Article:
Third, Tom MacArthur genuinely wants to expand affordable health insurance coverage to more Americans in a way that is economically sensible and not deleterious to the fiscal future of the Federal and state governments. On this, however, he faces a seemingly insurmountable political obstacle.

ObamaCare, as noted above, created a vast pool of healthcare benefits with no sensible means of funding them. In essence, it created an entitlement program with no rational financing mechanism. The late Nobel prize winning economist Milton Friedman often used the phrase, “There’s no such thing as a free lunch” in referring to government programs that could not be funded without enormous public debt or taxation consequences. ObamaCare is the quintessential governmental free lunch gone wild.

Yet the political cost of eliminating any government entitlement is prohibitive. It is the hornbook law of politics: You cannot play a role in reducing or eliminating an entitlement without losing the next election.

My belief is that the Democratic proponents of ObamaCare have a not-so-hidden agenda. They know that the only way of saving the entitlements of ObamaCare is to establish a “single payer” health care financing system.

Single payer has resulted in a decline of health care access and quality in every nation where it has been tried. Tom MacArthur is well aware of this, and in playing a major role in crafting the House version of TrumpCare, he has boldly endeavored to create a system of maximum economic and fiscal sensibility without his fellow Republicans paying a prohibitive political cost.

Such a task is indeed daunting. It is made more politically difficult by MacArthur’s friend, Donald Trump, who last week denounced TrumpCare, as passed by the House, as “mean” – less than two months after he hailed its passage on the White House lawn.

The Senate now is considering its own amendments to the bill. It is not clear if Senate Republican Leader Mitch McConnell will be able to muster the votes for passage. If he does, the bill will come up for conference and concurrence with the House. Tom MacArthur will play a most key role in this regard.

As a political writer, I could not help but ask MacArthur what effect his role in TrumpCare may have on his own political prospects. New Jersey is a state with major reliance on Medicaid. Opponents of TrumpCare assert that its Medicaid assistance cap will result in an increase in the uninsured, resulting in a deluge of patients utilizing New Jersey hospital emergency rooms and a severe additional burden on Charity Care.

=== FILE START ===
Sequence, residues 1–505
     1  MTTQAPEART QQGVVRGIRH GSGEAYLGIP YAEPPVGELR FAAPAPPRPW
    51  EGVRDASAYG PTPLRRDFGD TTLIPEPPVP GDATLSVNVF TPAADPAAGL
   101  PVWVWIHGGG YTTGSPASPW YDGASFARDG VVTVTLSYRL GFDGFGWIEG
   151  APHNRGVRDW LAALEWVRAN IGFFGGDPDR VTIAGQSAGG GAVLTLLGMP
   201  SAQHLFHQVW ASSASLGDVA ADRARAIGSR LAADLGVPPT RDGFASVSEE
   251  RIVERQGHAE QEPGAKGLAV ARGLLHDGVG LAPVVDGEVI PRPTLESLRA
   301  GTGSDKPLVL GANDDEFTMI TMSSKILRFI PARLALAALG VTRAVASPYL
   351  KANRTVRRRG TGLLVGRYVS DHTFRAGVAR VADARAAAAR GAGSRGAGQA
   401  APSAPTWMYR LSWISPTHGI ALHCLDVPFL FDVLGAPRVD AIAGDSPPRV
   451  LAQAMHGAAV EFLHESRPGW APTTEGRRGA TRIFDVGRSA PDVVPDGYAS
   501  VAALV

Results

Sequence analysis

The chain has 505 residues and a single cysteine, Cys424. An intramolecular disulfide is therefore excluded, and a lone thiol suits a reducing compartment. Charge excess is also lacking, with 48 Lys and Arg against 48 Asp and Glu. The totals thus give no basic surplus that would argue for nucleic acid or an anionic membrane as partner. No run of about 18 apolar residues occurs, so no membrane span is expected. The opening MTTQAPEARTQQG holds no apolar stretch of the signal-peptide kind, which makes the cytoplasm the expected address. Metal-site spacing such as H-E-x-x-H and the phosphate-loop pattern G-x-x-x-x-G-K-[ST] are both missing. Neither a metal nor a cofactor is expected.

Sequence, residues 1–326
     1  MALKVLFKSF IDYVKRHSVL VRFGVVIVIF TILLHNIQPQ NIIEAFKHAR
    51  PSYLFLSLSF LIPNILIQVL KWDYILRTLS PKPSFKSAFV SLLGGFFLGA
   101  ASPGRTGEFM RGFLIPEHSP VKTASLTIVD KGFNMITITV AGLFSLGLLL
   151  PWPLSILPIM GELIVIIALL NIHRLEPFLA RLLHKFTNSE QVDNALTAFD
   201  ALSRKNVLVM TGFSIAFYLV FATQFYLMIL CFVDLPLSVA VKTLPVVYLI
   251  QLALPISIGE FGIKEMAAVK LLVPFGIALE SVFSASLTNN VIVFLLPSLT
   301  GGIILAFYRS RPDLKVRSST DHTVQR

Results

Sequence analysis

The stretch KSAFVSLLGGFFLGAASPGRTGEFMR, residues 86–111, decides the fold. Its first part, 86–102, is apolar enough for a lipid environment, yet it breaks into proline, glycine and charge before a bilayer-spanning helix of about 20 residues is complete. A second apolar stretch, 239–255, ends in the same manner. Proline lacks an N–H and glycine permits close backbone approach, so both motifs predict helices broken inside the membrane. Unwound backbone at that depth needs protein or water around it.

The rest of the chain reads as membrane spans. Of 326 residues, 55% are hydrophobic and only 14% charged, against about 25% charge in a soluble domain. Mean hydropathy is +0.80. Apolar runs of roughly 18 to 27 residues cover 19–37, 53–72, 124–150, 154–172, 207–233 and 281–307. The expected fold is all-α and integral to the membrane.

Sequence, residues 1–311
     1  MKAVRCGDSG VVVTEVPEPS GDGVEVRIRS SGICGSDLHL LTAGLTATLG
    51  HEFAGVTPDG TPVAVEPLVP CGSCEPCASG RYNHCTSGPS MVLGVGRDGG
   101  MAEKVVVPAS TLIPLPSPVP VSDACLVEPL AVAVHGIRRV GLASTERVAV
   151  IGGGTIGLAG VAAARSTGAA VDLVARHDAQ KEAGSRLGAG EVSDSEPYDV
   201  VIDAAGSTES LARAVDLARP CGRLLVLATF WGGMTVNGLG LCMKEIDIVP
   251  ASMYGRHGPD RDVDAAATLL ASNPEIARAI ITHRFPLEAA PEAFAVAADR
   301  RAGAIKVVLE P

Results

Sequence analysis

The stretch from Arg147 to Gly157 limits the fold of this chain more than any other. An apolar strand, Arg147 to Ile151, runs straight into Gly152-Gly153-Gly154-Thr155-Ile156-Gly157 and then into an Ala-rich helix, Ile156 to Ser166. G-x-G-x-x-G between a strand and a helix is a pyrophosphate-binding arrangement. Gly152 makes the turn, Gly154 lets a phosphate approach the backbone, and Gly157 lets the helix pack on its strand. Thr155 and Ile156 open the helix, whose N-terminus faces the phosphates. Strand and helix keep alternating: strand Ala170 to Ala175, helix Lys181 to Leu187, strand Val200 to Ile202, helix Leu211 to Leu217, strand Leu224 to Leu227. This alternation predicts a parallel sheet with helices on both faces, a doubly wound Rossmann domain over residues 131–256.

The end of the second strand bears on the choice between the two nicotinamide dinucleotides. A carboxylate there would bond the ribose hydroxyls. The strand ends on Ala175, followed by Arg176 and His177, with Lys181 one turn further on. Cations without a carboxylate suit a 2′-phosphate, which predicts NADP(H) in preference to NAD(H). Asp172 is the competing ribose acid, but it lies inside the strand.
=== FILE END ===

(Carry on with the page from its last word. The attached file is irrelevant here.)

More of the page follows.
Tom MacArthur has been the subject of intense discussion as a candidate for governor in 2021, due to his financial wealth, communication skills, and policy acumen. He is likely to survive without difficulty any challenge to his Congressional reelection in 2018.

When I asked Tom MacArthur what impact his involvement with TrumpCare would have on his gubernatorial chances in 2021, he answered succinctly, as one would expect, “I don’t know, and I don’t care.” Except in the case of Tom MacArthur, I believe him. He is a Congressman with that unique combination of courage and integrity.

One more thing, an “insider” observation, since this is, after all, InsiderNJ!

Chris Russell is the political consultant to both Tom MacArthur and Jack Ciattarelli, the two leading 2021 GOP prospects for governor if Kim Guadagno loses this November. This is truly an embarrassment of riches for Chris. As my readers know, I love to make boxing analogies, and for Chris, this is like being the trainer of both the two great middleweights, Jake LaMotta and Sugar Ray Robinson before their Valentine’s Day 1951 Chicago Stadium classic title bout!

Alan J. Steinberg served as Regional Administrator of Region 2 EPA during the administration of former President George W. Bush and as Executive Director of the New Jersey Meadowlands Commission under former New Jersey Governor Christie Whitman.